Cabot began to realize the potential of the gardens at his family's summer home after a visit to Europe and particularly England. He began to enlarge the gardens at the homestead starting in 1975, but didn't have an overarching vision - he had one idea at a time and worked on that until the next one presented itself. He started by making outdoor "rooms" to make the space feel more intimate. There was an herb garden outside the kitchen, a clay bread oven that could be seen from the dining room, and a guest garden opposite the guest room. As the various "witnesses" describe it, as you move through these outdoor rooms, "the curtain goes up" and you enter another space. Many of the talking heads in the film talk about Cabot's love of theater, and creating surprises for visitors to find as they explore.
For me, the first "real frisson of delight" (as Cabot's son describes it) is a look at the Chinese Moon Bridge, so named because it makes a perfect circle with its reflection in the water. Cabot had already talked a bit about the importance of water. "Water animates a garden. it's that element which just gives it so much more interest. There's just something happening all the time." He had also discussed the idea of alleys and focal points, channeling the view toward a specific spot. The Chinese Moon Bridge is a great embodiment of both concepts, and while I would dearly love to see this in person, the filmmakers captured the site from many different angles and in, what appeared to be, a couple different seasons. This is just one of the many times throughout the film you can sense the skill and patience exercised to show the garden at its best, thoughtfully sharing it with those who might not ever get the chance to be there themselves.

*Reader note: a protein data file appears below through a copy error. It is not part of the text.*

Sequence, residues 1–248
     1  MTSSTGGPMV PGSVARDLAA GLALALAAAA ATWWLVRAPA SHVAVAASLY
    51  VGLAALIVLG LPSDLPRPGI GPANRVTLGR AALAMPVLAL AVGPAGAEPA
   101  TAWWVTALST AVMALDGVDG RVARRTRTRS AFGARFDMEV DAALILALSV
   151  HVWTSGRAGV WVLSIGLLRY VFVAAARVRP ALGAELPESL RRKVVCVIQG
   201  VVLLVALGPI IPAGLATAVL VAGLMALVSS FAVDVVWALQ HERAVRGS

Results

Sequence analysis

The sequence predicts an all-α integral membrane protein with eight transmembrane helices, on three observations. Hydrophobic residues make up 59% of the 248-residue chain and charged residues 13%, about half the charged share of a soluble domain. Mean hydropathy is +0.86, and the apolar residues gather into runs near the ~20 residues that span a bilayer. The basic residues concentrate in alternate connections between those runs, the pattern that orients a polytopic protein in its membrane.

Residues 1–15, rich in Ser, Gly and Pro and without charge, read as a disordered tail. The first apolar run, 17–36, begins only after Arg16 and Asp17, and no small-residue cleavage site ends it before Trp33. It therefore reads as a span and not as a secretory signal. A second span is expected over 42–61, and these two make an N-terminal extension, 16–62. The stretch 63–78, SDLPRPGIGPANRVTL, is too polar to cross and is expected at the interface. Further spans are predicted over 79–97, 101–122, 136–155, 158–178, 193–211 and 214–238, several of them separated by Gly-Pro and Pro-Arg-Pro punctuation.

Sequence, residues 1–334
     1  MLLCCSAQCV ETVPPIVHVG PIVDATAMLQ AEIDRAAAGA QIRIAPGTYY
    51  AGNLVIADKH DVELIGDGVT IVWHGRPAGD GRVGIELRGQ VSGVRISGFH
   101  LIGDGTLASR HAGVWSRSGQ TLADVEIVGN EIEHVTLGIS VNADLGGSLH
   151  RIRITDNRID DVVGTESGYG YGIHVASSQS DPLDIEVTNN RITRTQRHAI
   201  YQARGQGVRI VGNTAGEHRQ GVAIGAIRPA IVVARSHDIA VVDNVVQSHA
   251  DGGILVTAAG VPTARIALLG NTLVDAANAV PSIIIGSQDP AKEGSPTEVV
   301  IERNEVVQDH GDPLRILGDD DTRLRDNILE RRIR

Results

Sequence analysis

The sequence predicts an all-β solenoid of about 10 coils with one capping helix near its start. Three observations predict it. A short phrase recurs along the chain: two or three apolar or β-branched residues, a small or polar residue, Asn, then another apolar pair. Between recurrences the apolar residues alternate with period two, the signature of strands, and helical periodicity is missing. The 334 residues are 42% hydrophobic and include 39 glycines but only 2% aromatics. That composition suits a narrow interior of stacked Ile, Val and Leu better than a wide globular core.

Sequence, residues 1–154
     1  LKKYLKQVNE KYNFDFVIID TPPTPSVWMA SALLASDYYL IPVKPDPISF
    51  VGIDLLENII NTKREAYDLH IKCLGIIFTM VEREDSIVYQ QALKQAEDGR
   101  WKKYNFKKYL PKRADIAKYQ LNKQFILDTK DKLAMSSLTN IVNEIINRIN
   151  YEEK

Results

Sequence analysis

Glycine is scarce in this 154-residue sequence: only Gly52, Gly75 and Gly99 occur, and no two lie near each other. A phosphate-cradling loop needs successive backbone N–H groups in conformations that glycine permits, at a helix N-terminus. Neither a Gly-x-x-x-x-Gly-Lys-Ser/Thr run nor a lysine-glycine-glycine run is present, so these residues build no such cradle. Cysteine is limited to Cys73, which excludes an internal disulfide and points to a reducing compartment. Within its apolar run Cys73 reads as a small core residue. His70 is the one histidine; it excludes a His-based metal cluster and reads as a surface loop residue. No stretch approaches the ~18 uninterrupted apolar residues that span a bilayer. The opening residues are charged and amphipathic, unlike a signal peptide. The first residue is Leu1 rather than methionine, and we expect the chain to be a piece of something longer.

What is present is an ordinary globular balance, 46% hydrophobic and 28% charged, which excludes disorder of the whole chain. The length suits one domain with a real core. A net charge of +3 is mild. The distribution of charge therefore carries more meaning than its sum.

Another example of a view being channeled to a specific spot is the pigeonnier (a tall building at the end of a water feature). It's hard to come up with an explanation that will do it justice, which is why I linked to an image. Cabot particularly liked this part of the garden because it is one of his surprises. He loved that people would discover new things without preparation. It's a theme he came back to often throughout his interviews, and you can imagine him taking people through the grounds, rubbing his hands together and waiting for them to turn a corner and gasp with delight.